Serving Him, peace is obtained; you shall go to His Court with honor. ||1||Pause||

    ਸਚੁ ਸਰਾ ਗੁੜ ਬਾਹਰਾ ਜਿਸੁ ਵਿਚਿ ਸਚਾ ਨਾਉ ॥
    सचु सरा गुड़ बाहरा जिसु विचि सचा नाउ ॥
    Sacẖ sarā guṛ bāhrā jis vicẖ sacẖā nā▫o.
    The Wine of Truth is not fermented from molasses. The True Name is contained within it.

    ਸੁਣਹਿ ਵਖਾਣਹਿ ਜੇਤੜੇ ਹਉ ਤਿਨ ਬਲਿਹਾਰੈ ਜਾਉ ॥
    सुणहि वखाणहि जेतड़े हउ तिन बलिहारै जाउ ॥
    I am a sacrifice to those who hear and chant the True Name.

    ਤਾ ਮਨੁ ਖੀਵਾ ਜਾਣੀਐ ਜਾ ਮਹਲੀ ਪਾਏ ਥਾਉ ॥੨॥
    ता मनु खीवा जाणीऐ जा महली पाए थाउ ॥२॥
    Only one who obtains a room in the Mansion of the Lord's Presence is deemed to be truly intoxicated. ||2||

    ਨਾਉ ਨੀਰੁ ਚੰਗਿਆਈਆ ਸਤੁ ਪਰਮਲੁ ਤਨਿ ਵਾਸੁ ॥
    नाउ नीरु चंगिआईआ सतु परमलु तनि वासु ॥
    Bathe in the waters of Goodness and apply the scented oil of Truth to your body,

    ਤਾ ਮੁਖੁ ਹੋਵੈ ਉਜਲਾ ਲਖ ਦਾਤੀ ਇਕ ਦਾਤਿ ॥
    ता मुखु होवै उजला लख दाती इक दाति ॥
    and your face shall become radiant. This is the gift of 100,000 gifts.

    ਦੂਖ ਤਿਸੈ ਪਹਿ ਆਖੀਅਹਿ ਸੂਖ ਜਿਸੈ ਹੀ ਪਾਸਿ ॥੩॥
    दूख तिसै पहि आखीअहि सूख जिसै ही पासि ॥३॥
    Tell your troubles to the One who is the Source of all comfort. ||3||

    ਸੋ ਕਿਉ ਮਨਹੁ ਵਿਸਾਰੀਐ ਜਾ ਕੇ ਜੀਅ ਪਰਾਣ ॥
    सो किउ मनहु विसारीऐ जा के जीअ पराण ॥
    How can you forget the One who created your soul, and the praanaa, the breath of life?

    ਤਿਸੁ ਵਿਣੁ ਸਭੁ ਅਪਵਿਤ੍ਰੁ ਹੈ ਜੇਤਾ ਪੈਨਣੁ ਖਾਣੁ ॥
    तिसु विणु सभु अपवित्रु है जेता पैनणु खाणु ॥
    Without Him, all that we wear and eat is impure.

    ਹੋਰਿ ਗਲਾਂ ਸਭਿ ਕੂੜੀਆ ਤੁਧੁ ਭਾਵੈ ਪਰਵਾਣੁ ॥੪॥੫॥
    होरि गलां सभि कूड़ीआ तुधु भावै परवाणु ॥४॥५॥
    Everything else is false. Whatever pleases Your Will is acceptable. ||4||5||

    From the above shabad, it is clear that the "court of the Lord" is not somewhere far away, out-of-reach of the ordinary man and woman. The Gurmukhs reside in the court of the Lord. What is a Gurmukh? Someone who has control over the 5 evils, remembers Waheguru/sees the light in all, lives an honest life and serves humanity selflessly. It is clear that Guru Nanak's message was that "the court of the Lord" is within each of us, it is when we overcome our own personal desires and have complete control over ourselves at all times, anyone can enter the court of the Lord irrespective of religion or background, simply put, being in the court of God means having a certain state-of-mind.

    Now, growing up, Guru Nanak Ji was exposed to both Islamic and Hindu belief systems. He had friends of diverse backgrounds and was exposed to a multitude of schools of thought. What do I think happened on the day he got Guruship? My understanding is that he most likely had a bunch of ideas floating around his head, he was definitely living an honest life, knew what was important so had control of himself, but had no concrete "belief system". On that day, absorbed in meditation, like Ishna Ji suggests, he probably had his "AHA!" moment, everything fell into place, he was finally able to express his beliefs in the form of the mool mantar, and from that utterance, the rest of Sikhi took form. I don't think that he "spoke" to God, like you said, it makes little sense from a Sikhi perspective, in my mind, it was the day he was finally able to present his ideas and beliefs in verbal form (mool mantar).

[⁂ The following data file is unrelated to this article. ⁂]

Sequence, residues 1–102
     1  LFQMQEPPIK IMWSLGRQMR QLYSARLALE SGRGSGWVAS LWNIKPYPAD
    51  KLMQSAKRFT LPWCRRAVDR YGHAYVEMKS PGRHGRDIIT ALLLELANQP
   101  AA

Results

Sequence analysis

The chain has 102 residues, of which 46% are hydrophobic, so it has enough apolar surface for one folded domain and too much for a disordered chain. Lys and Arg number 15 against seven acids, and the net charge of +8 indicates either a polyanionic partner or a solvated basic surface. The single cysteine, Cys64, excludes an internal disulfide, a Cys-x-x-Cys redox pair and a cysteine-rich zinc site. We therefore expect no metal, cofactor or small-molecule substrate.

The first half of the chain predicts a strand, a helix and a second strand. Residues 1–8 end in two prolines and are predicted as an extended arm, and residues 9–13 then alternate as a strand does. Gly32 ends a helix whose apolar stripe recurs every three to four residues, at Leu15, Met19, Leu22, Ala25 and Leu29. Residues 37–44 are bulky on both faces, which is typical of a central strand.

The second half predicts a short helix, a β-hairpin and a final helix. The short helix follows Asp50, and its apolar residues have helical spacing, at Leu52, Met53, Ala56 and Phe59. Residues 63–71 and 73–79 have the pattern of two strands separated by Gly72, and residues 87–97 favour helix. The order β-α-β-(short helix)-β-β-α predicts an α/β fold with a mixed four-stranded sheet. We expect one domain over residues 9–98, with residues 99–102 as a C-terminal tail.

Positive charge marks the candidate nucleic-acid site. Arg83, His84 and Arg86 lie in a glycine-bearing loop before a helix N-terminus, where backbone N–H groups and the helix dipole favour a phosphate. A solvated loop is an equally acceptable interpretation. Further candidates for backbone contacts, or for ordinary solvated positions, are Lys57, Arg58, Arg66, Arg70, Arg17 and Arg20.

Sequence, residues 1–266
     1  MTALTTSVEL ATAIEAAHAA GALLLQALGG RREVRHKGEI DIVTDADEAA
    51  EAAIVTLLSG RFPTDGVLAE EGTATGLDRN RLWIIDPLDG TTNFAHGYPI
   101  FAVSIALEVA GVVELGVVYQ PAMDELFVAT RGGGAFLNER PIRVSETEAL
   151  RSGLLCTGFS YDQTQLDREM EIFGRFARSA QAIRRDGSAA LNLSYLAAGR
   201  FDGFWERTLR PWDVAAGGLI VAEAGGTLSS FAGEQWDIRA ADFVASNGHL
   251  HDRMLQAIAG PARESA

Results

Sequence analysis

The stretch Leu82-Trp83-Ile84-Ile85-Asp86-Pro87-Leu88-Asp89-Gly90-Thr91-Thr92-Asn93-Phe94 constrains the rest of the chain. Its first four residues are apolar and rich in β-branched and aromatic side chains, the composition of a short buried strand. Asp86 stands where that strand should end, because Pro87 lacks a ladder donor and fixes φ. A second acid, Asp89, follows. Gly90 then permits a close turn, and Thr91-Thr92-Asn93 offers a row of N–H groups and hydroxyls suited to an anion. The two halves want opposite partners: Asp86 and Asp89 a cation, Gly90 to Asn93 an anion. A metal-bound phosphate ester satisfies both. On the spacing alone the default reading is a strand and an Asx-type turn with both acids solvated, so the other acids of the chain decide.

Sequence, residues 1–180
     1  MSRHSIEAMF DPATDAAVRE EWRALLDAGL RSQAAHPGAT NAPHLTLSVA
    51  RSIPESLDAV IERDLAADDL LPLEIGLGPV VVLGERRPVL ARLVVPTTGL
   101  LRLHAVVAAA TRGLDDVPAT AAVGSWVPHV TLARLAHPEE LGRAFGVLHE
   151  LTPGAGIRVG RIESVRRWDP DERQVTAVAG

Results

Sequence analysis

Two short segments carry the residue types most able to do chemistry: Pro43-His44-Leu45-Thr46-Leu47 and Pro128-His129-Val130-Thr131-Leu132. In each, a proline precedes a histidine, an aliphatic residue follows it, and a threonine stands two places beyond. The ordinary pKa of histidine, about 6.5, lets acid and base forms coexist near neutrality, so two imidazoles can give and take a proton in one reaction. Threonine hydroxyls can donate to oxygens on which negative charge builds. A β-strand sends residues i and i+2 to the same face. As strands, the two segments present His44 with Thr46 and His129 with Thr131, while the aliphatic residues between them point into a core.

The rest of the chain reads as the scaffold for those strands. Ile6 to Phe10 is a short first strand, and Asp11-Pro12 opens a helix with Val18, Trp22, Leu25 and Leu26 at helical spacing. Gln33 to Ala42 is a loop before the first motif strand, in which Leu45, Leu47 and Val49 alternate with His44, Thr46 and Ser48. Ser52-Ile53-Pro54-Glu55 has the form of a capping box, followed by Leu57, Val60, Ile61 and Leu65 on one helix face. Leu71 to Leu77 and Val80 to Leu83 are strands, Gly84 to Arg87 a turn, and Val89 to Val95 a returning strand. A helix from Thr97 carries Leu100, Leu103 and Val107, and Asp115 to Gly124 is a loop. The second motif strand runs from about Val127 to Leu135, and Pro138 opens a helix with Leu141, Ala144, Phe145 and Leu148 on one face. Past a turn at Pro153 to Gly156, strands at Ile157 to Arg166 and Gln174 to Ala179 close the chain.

To other SPN users, I do think that OP deserves a break, especially about the story of Guru Nanak's "meeting" with God. To be honest, I understand his confusion 100%, I have heard the same thing myself far too many times to count. A lot of Sikhs, when asked, will tell you that Guru Nanak Ji went under water in the river, and didn't come out for three days. That he had gone to meet God, and had come back with a message. Most users on here know to stick to Guru Granth Sahib Ji for that kind of stuff, but a non-Sikh probably doesn't know that (myself included when I started out), when every Sikh around you is telling you the same thing, you'd take it as truth and assume it was from the scriptures. Of course, I have come to realize that most stories about the Guru's have very little scriptural basis. OP, have you heard the one about Guru Nanak going to Mecca? You probably have, it is the most widely-circulated Guru Nanak story out there. He goes to Mecca, points his feet towards the Kaaba, an angry Muslim tells him to move them, Guru Nanak tells the Muslim man to move his feet in the direction where God doesn't exist, the Muslim man points them in the opposite direction, but the Kaaba is still there. No matter which direction the man moved Guru Ji's feet, the Kaaba would be in front of them. Guru Nanak Ji then proceeds to "enlighten" the man about how God doesn't live in any specific place, and the man stands there, amazed at what he is hearing.

    The entire story smacks of ignorance. First of all, Muslims do not believe that God resides in the Kaaba. To suggest such a thing is disrespectful of Islam. Secondly, it is a big slap in the face of Guru Nanak Dev Ji. He had been exposed to Muslims his entire life, his most trusted companion was a Muslim man, you'd think he would know the basics of the religion. Furthermore, it is another "miracle" story. Guru Nanak Ji rejected miracles. To have a story of Guru Nanak Ji performing a miracle be perpetuated by his own followers is just sad, he would be rolling over in his grave if he knew.